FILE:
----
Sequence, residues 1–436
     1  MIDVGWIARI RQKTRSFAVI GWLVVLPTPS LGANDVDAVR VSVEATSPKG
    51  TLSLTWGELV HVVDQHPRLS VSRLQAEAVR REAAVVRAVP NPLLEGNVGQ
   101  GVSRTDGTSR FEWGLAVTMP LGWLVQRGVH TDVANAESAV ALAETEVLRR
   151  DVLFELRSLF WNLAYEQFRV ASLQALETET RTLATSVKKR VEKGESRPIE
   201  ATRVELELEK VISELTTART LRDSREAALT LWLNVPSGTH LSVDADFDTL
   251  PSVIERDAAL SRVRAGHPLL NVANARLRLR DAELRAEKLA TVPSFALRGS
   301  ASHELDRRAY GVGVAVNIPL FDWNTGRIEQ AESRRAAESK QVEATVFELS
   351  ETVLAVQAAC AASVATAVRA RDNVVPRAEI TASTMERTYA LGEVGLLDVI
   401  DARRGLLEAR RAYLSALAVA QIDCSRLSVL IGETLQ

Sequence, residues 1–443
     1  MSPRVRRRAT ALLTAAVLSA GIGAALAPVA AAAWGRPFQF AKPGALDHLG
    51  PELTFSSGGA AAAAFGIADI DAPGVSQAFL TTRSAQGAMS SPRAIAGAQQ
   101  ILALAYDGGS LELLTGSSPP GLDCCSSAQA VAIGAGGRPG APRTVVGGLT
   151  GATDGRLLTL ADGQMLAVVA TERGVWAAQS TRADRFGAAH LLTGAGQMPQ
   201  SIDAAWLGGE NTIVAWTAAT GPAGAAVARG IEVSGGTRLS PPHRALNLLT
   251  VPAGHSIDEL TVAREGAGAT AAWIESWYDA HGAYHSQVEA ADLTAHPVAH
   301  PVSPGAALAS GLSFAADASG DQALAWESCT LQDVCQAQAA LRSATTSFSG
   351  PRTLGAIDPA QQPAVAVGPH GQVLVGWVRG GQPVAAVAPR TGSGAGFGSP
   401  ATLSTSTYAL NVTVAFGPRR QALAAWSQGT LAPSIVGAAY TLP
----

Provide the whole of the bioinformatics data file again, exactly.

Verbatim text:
Sequence, residues 1–436
     1  MIDVGWIARI RQKTRSFAVI GWLVVLPTPS LGANDVDAVR VSVEATSPKG
    51  TLSLTWGELV HVVDQHPRLS VSRLQAEAVR REAAVVRAVP NPLLEGNVGQ
   101  GVSRTDGTSR FEWGLAVTMP LGWLVQRGVH TDVANAESAV ALAETEVLRR
   151  DVLFELRSLF WNLAYEQFRV ASLQALETET RTLATSVKKR VEKGESRPIE
   201  ATRVELELEK VISELTTART LRDSREAALT LWLNVPSGTH LSVDADFDTL
   251  PSVIERDAAL SRVRAGHPLL NVANARLRLR DAELRAEKLA TVPSFALRGS
   301  ASHELDRRAY GVGVAVNIPL FDWNTGRIEQ AESRRAAESK QVEATVFELS
   351  ETVLAVQAAC AASVATAVRA RDNVVPRAEI TASTMERTYA LGEVGLLDVI
   401  DARRGLLEAR RAYLSALAVA QIDCSRLSVL IGETLQ

Sequence, residues 1–443
     1  MSPRVRRRAT ALLTAAVLSA GIGAALAPVA AAAWGRPFQF AKPGALDHLG
    51  PELTFSSGGA AAAAFGIADI DAPGVSQAFL TTRSAQGAMS SPRAIAGAQQ
   101  ILALAYDGGS LELLTGSSPP GLDCCSSAQA VAIGAGGRPG APRTVVGGLT
   151  GATDGRLLTL ADGQMLAVVA TERGVWAAQS TRADRFGAAH LLTGAGQMPQ
   201  SIDAAWLGGE NTIVAWTAAT GPAGAAVARG IEVSGGTRLS PPHRALNLLT
   251  VPAGHSIDEL TVAREGAGAT AAWIESWYDA HGAYHSQVEA ADLTAHPVAH
   301  PVSPGAALAS GLSFAADASG DQALAWESCT LQDVCQAQAA LRSATTSFSG
   351  PRTLGAIDPA QQPAVAVGPH GQVLVGWVRG GQPVAAVAPR TGSGAGFGSP
   401  ATLSTSTYAL NVTVAFGPRR QALAAWSQGT LAPSIVGAAY TLP